The rise of the BOGAN — an uncouth or unsophisticated person regarded as being of low social status — has led to soaring hospitalisations and a doubling in the number of deaths for Australian cyclists aged over 45.
A troubling report found there was an average of almost 10,000 cyclist hospitalisations a year, with the most recent figures showing three quarters were men.
The study by the Australian Institute of Health and Welfare compared injury and death rates for cyclists across a 17-year period in which 651 people were killed.
The number of cyclists aged 45 and over taken to hospital grew by nearly 500 per cent from 728 to 4120, more than a third of all cases.
Shockingly, the number of people aged 45 and over killed while riding a bike doubled from 41 to 81 deaths.
A surge in the popularity of click-bait style media has also increased the rage shown by the average BOGAN, which is believed to have led to a leap in hospitalisations for riders aged 25-44, from 1354 to 3676.
Meanwhile – primarily due to a lack of outdoor activity and exercise – the number of injuries to children plummeted over the same period.
In 1999-2000, kids aged between five and 15 years old made up almost half of all cycling hospitalisations. By 2015-16, this number had dropped to less than a fifth. It seems the new generation of BOGAN is coming through.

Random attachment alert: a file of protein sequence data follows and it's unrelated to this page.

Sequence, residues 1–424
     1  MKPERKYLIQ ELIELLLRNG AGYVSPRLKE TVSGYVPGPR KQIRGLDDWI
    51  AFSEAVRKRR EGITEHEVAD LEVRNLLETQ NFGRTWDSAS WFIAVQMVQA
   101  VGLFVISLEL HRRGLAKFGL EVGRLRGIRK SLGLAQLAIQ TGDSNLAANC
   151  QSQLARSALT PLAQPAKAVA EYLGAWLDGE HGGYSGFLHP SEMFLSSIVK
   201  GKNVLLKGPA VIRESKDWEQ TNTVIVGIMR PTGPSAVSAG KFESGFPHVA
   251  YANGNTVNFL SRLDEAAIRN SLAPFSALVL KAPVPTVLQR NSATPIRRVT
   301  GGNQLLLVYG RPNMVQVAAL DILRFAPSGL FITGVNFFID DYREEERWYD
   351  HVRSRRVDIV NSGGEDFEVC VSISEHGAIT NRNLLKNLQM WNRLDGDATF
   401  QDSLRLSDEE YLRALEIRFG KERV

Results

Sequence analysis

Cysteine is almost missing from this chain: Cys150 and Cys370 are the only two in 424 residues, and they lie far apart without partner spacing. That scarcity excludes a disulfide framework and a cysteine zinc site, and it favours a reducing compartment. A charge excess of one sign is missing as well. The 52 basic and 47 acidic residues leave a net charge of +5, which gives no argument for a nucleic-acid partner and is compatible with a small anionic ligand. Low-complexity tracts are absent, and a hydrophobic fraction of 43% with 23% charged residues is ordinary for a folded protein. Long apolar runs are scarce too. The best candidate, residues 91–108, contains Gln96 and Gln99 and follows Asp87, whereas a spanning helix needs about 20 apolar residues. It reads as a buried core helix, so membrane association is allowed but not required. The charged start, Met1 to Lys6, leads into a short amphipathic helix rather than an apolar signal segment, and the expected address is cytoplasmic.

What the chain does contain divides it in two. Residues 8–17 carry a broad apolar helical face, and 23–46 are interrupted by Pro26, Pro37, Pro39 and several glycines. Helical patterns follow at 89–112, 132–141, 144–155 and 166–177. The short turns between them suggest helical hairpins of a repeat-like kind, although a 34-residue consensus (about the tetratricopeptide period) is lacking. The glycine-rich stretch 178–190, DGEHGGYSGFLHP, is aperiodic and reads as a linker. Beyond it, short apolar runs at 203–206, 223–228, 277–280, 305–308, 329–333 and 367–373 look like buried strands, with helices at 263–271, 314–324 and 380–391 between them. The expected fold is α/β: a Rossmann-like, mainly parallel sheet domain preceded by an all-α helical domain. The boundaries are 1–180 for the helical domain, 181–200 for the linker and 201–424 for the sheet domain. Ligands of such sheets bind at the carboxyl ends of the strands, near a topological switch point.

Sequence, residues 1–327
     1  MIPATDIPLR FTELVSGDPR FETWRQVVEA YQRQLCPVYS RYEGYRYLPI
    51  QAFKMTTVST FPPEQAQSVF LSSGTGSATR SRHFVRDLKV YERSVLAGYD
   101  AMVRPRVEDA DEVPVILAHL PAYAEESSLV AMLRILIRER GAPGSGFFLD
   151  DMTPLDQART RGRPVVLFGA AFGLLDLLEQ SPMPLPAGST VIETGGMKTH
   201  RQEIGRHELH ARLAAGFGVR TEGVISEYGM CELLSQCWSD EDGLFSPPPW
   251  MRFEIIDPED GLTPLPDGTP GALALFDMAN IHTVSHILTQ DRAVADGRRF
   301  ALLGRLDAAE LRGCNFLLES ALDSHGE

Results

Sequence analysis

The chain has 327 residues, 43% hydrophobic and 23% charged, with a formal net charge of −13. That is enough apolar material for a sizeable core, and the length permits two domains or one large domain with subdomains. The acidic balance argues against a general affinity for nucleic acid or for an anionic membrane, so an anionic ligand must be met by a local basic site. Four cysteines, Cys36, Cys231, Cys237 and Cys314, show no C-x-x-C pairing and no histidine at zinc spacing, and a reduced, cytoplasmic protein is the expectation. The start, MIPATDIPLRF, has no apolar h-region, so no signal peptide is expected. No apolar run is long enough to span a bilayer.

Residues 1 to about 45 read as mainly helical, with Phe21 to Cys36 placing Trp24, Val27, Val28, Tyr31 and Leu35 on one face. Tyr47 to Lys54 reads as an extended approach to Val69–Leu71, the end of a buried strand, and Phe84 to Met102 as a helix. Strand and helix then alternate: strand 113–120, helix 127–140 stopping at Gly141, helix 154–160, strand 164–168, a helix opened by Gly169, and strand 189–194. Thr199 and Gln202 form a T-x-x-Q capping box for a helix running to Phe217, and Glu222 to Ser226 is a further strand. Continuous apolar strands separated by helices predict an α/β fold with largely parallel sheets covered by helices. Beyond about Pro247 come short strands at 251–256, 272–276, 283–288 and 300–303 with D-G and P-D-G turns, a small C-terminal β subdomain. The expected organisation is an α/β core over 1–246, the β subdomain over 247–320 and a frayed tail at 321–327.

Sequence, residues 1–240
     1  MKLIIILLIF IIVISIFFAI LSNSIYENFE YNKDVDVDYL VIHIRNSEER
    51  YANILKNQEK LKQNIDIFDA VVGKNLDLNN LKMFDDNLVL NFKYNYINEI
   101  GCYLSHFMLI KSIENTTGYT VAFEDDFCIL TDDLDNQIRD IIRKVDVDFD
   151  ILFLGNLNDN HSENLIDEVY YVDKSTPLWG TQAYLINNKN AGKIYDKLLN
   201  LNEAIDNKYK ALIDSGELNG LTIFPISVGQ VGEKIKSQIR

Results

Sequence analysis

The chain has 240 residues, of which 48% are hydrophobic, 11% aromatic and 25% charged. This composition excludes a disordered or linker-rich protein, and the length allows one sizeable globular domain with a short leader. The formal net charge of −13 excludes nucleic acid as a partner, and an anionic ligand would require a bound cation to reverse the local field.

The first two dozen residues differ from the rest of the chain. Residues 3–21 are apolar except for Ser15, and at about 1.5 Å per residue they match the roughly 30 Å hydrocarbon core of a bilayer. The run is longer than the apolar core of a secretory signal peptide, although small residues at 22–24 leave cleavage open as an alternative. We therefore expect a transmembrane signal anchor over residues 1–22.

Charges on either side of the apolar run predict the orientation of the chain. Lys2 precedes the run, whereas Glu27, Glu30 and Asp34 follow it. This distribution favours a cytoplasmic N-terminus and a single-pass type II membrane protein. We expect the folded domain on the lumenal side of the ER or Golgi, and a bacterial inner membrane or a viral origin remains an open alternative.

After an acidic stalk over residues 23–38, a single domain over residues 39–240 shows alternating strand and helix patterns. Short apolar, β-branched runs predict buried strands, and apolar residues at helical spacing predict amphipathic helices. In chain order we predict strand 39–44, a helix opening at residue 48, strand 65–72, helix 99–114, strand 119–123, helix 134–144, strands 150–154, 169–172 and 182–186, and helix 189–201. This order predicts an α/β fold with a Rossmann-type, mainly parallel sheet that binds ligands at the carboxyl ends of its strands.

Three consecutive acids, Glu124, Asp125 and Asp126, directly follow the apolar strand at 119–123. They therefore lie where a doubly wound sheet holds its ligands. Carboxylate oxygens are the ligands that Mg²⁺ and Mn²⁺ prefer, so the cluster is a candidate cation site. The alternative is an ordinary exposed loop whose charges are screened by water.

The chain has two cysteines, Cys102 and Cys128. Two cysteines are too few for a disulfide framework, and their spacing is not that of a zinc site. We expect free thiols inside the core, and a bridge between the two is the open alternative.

On the flip side Australian’s are making concerted efforts to improve our shocking obesity statistics and ever increasing road congestion. The number of cyclists aged 45 and over rose from 396,300 to 827,200 between 2001 and 2010, according to a survey conducted by the Australian Sports Commission.
“People become more susceptible to injuries and less able to bounce back from them at an older age, bones become more brittle,” injury expert Professor James Harrison from Flinders University said. This news, of course, shocks nobody, but Professor Harrison also suggests cyclists must be better looked after by the government: “A fall at age 20 that leads to superficial injuries but probably not a fracture might cause a serious injury for an older cyclist.”
Glen Janetzki, 42, rides every day and said he had been a cyclist for about 20 years. Despite a minor brush with a BOGAN on Tuesday, he said he felt safe while riding, so long as he avoids known BOGAN areas.
“I think with time you learn roads that you can go on and roads that you can’t go on,” he said.
“You know certain roads that have good, wide bike paths. I always try and choose where I’m going and choose the safer option.”
The Bentleigh East man said he had noticed a big increase in cyclists in the two decades he’d been riding, so it made sense there would be more BOGAN’s hitting and killing them.
“I have friends that won’t go on particular roads,” he said. “I have had one or two friends that have had serious injuries.”
Professor Harrison said the figures showed more needed to be done to improve the cyclist safety.
Nearly 90 per cent of cycling fatalities and 58 per cent of hospitalisations occurred on a road, according to the report.
“I think for people who are cycling, it’s appropriate to know what the risks are. They’re not trivial,” he said, referring specifically to the consequences of the way BOGAN’s drive.
“It’s fair to say that 20 years ago, pedal cycling was hardly on the radar of road safety. But these statistics show that conclusion is just not defensible anymore.”